Hammerson nears Dundrum Town Centre takeover

Agreement would follow months of talks on deal with Chartered Land

A number of staff in Dundrum Town Centre received an email in recent days saying their employment would transfer to Hammerson Group Management Ltd. Photograph: Cyril Byrne

A number of staff in Dundrum Town Centre received an email in recent days saying their employment would transfer to Hammerson Group Management Ltd. Photograph: Cyril Byrne

 

UK property group Hammerson and partners, German insurer Allianz, are in the final stages of talks to take equity control of the Dundrum Town Centre.

The partners, which paid €1.85 billion last year for a portfolio of National Asset Management Agency loans to developer Joe O’Reilly’s Chartered Land, have said they aimed to complete a consensual deal to take control of the underlying assets this summer.

The portfolio, known as Project Jewel, also included loans attached to 50 per cent stakes in the Ilac Centre in central Dublin and the Pavilions Shopping Centre in Swords.

The Irish Times has learned that a number of staff in the Dundrum centre received an email in recent days saying their employment would transfer to Hammerson Group Management Ltd next Monday. However, sources said that while negotiations on the debt-for-equity swap deal were advanced, they would not be completed by then.

A spokesman for Hammerson and a spokeswoman for Chartered Land declined to comment.

Under the terms of their joint-venture agreement, Hammerson and Allianz plan to share ownership of the Dundrum Town Centre and a neighbouring six-acre site that is earmarked for redevelopment. Hammerson would manage the assets.

It would also see the UK-listed group take control of the other shopping centre stakes and a Dublin central development site.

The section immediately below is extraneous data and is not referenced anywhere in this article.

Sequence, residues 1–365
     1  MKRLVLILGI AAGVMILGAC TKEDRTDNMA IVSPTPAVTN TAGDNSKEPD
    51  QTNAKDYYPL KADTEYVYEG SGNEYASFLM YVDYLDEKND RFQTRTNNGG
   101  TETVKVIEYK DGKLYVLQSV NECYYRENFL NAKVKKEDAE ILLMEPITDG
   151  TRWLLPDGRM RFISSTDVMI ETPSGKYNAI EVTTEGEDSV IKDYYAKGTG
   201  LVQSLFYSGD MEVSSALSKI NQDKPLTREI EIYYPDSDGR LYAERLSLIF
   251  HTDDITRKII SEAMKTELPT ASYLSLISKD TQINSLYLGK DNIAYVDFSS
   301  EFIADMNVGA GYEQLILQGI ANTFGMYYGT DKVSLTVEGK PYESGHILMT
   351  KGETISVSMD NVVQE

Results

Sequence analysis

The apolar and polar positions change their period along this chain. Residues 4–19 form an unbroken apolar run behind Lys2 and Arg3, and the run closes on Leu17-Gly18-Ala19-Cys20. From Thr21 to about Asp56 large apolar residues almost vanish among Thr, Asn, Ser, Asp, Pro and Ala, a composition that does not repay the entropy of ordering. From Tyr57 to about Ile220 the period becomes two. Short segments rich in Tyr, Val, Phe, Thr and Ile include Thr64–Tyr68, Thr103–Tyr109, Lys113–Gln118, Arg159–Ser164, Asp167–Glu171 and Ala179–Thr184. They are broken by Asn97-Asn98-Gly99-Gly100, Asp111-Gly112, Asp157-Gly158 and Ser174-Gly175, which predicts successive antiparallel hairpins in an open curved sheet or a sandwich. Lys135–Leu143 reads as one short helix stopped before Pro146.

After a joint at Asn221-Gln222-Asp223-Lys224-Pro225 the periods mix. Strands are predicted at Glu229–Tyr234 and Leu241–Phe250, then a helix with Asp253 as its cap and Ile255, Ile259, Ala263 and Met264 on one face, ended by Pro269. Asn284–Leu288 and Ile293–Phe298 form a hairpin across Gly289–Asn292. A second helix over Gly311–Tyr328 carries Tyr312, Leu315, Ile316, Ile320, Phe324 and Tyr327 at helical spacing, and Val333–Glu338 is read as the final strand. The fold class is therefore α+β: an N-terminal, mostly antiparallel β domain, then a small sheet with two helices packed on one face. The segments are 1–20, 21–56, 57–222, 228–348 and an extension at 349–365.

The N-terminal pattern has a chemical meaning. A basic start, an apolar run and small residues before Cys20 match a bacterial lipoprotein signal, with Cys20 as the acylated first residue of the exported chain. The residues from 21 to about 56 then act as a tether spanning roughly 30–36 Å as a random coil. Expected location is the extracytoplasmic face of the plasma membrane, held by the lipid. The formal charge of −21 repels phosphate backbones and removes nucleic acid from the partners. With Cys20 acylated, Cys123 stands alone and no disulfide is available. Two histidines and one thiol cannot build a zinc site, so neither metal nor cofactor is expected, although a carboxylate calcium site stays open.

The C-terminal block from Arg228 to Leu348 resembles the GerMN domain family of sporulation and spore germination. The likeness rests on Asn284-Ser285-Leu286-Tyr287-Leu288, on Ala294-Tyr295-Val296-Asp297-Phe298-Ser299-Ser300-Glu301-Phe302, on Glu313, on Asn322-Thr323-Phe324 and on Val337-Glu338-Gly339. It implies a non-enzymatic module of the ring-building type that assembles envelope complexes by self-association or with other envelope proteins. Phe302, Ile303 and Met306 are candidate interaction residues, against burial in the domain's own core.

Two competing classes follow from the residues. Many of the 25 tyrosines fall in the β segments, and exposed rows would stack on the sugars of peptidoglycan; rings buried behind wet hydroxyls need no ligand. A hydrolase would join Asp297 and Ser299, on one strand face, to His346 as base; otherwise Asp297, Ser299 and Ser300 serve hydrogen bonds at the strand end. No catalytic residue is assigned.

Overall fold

It is not yet clear what role, if any, Mr O’Reilly or Chartered Land may play in the future of the assets. However, it is anticipated that he would retain some involvement, having recently applied to Dublin City Council for a seven-year extension to existing planning permission on a site stretching from the former Carlton cinema on O’Connell Street to Moore Street.

Construction on the development, which at one stage was estimated to have a gross value of €1.25 billion, has not started and the existing planning approval, granted in 2010, is due to expire next year.

The extension is seen as likely to be granted by the council, despite a court order in March protecting properties on the east side of Moore Street as a 1916 Rising “battlefield site”. It is expected that the State, which was the defendant in the case, will appeal the decision.

Meanwhile, a consensual deal with between Hammerson, Allianz and Mr O’Reilly would avoid a potentially protracted and public legal battle.

The acquirers and their advisers, understood to include solicitors William Fry and consultants KPMG, would be keen to avoid a scenario similar a dispute that erupted two years ago between Cork developer Michael O’Flynn and US investment firm Blackstone.

Both sides ended up in court in July 2014 after a Blackstone vehicle Carbon Finance attempted to call in the O’Flynn Group’s borrowings at short notice. They subsequently reached a settlement, with Mr O’Flynn retaining control of all his company’s development assets.